Emily Duggan swapped her smart office wear for a racecar driver’s suit four years ago and has been ferociously blazing the trail for females in motor sport ever since.
The 27-year-old made history as the first woman to get behind the wheel in the Toyota 86 Series at the Maiden SuperSprint held at Tailem Bend, 97km southeast of Adelaide, last weekend.
The achievement was proof her life-altering decision to quit her career as an executive assistant was well worth the risk.
The self-confessed rev-head said she thrived on the speed-induced thrill of going head-to-head with the fastest young drivers in the country in three races on the brand new five-kilometre circuit.
Emily Duggan (pictured at the wheel) swapped her smart office wear for a racecar driver’s suit four years ago and has been ferociously blazing the trail for females in motor sport ever since
Speaking with Daily Mail Australia, Duggan said she had never felt more at home than flying around the track at speeds up to 215km/h in a car she practically built on her own.
Piecing together her own vehicle, affectionately named Lulu, was crucial because it meant she could detect a blow-out in any part of the car through a feeling in her butt cheeks, Duggan said.
‘I drive with my bum, through your bum you can feel all the tyres, it’s the weirdest thing! In a spin out, I’m able to feel the tyres slipping with my butt first.’
She said having a team do the hard yards wouldn’t allow for such awareness – and doubt certainly wasn’t a feeling she could afford to harbor given how technical the sport was.
The 27-year-old (pictured above pit lane) made history as the first woman to ever get behind the wheel in the Toyota 86 Series at the Maiden SuperSprint held at Tailem Bend last weekend
‘If someone else builds the car, you don’t always know exactly what you’re getting, so I want to put myself in the best possible situation to get those results.’
‘I love getting my hands dirty, I love everything about cars, and I feel to be a great driver, the more you know about how a car works and what’s involved in it, the better driver you can be.’
Being female in a male-dominated sport had obviously set her apart from her competitors, but the star racer said it was something she hardly gave a second thought.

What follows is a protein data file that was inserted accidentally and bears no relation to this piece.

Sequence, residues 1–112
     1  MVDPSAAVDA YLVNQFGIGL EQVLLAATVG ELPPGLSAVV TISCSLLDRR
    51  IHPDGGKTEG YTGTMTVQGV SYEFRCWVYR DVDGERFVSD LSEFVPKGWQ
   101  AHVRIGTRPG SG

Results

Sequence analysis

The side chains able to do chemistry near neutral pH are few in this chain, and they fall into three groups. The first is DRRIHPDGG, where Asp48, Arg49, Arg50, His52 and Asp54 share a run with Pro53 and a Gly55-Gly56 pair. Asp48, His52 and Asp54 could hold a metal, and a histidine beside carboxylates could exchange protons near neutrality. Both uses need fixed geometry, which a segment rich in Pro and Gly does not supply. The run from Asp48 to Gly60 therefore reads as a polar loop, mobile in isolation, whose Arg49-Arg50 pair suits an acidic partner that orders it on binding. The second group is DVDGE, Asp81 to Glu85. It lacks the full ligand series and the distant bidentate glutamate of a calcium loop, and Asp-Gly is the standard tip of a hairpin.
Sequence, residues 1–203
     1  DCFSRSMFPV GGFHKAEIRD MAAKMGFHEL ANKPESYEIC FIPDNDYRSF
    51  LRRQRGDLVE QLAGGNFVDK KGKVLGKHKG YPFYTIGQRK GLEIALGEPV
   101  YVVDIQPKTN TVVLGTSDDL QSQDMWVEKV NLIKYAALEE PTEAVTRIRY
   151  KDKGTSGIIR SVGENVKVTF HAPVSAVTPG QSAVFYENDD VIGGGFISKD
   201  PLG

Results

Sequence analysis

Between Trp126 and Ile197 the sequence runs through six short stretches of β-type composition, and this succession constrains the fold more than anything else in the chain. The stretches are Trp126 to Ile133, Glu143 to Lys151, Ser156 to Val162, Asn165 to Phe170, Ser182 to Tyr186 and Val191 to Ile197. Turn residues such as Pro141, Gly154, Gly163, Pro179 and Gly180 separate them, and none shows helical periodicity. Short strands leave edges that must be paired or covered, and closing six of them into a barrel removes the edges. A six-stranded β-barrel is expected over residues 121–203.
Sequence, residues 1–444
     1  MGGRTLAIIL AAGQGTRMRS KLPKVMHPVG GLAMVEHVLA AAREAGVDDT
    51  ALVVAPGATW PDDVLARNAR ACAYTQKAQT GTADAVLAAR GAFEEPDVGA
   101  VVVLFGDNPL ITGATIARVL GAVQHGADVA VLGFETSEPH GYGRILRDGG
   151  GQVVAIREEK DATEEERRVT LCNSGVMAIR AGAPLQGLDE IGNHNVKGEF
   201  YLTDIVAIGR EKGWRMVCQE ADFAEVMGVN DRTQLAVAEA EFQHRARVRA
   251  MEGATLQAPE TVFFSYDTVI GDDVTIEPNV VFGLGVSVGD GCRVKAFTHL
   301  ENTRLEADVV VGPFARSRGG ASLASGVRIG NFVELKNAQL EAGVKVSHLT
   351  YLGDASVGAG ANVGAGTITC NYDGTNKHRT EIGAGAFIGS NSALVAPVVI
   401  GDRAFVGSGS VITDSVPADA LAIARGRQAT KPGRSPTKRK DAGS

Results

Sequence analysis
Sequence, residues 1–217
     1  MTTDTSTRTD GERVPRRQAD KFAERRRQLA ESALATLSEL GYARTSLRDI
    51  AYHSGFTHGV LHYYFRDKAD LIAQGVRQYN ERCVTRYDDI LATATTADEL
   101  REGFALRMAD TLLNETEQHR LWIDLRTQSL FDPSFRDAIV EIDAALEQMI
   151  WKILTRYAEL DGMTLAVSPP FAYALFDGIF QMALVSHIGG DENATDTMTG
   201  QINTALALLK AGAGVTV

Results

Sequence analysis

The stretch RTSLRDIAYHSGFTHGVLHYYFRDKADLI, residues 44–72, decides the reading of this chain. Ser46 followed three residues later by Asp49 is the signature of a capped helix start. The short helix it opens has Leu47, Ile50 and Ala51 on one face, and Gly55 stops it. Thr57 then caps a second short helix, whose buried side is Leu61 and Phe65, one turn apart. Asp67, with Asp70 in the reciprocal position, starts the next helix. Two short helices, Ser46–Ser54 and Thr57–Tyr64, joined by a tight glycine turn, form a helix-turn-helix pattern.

‘The only thing that’s different is that I go to the bathrooms to get changed, everyone else just gets down to their jocks. That’s the only difference,’ she said.
‘I wish there was more chivalry on the track, like ladies first, but unfortunately not!’
While conquering the 86 competition has become Duggan’s (pictured at Townsville Street Circuit) first order of business, she hoped to be in a position to enter the V8 Supercars soon
Duggan (pictured with her car, Lulu) said being female in a field of males was something she hardly gave a second thought
When Duggan saved up enough money to enter the expensive world of racing, she kept it secret for a while, telling friends the savings were for a deposit on a home.
Little did they know she would soon become one of Australia’s leading ladies in motor sport – earning several podium finishes, including a win in the one-hour endurance race in the Series X3 NSW category in 2016’s V8 Touring Car event.
Racecar driving by no means has been a cheap sport to get involved in – Duggan said she spent at least $60,000 preparing for her maiden Toyota 86 Racing Series.
‘One hundred per cent it was all worth it, I’m always learning, even when the weekend doesn’t go my way, I’m taking away a lot of lessons,’ she said.
‘Most of these guys have been racing three years, but this is only my first, and my second race, so you really have to remember that.’
When Duggan saved up enough to enter the expensive world of racing, she kept it secret for a while, telling friends the savings were for a deposit on a home
The Toyota 86 Series is designed to offer an affordable introduction to racing using a slightly modified version of the company’s 86 road model.
While she missed out on a podium finish in the weekend’s race, Duggan said she hoped to be in a position to enter the V8 Supercars in the not-too-distant future.
‘If I can get some really good results in the next race. I’ll probably do another year of 86s to sharpen everything, then move my way up, but it all depends on sponsorship.’
Off the back of her first big weekend of 86 racing, she said she’ll be upping her time in the gym and ramping up her mental game with the help of a professional.
‘I’ve got a mental coach that’s come on board for this year just to make sure that I’m mentally prepared for these races, because these boys race hard and they are competitively tough.’
The Toyota 86 Series has been designed to offer an affordable introduction to racing using a slightly modified version of the company’s 86 road model (Duggan pictured at the wheel)
Many would consider it daunting being in a field of 38 racers all with the common goal of claiming pole position, but that was definitely not the case for Duggan.
‘I think if I did get scared, I shouldn’t be out there. For some reason I feel so safe in the car and I think that’s the fact we have to have certain safety measures in place.’
Her message to other women contemplating motor sport was they should ‘just do it’, but make sure it was 100 per cent what they wanted to do.
‘I hate that I didn’t get into it earlier…I thought that it was a boy sport. I always thought I wanted to do it, but never did anything about it.’
‘If you want to do it, make sure 100 per cent that you want to do it before you actually do, it’s a huge investment, you’ve got to be committed and dedicated, and really want it.’
Her message to other women contemplating motor sport was they should ‘just do it’ (Duggan pictured in bike gear to passenger champion motorcycle racer Troy Bayliss)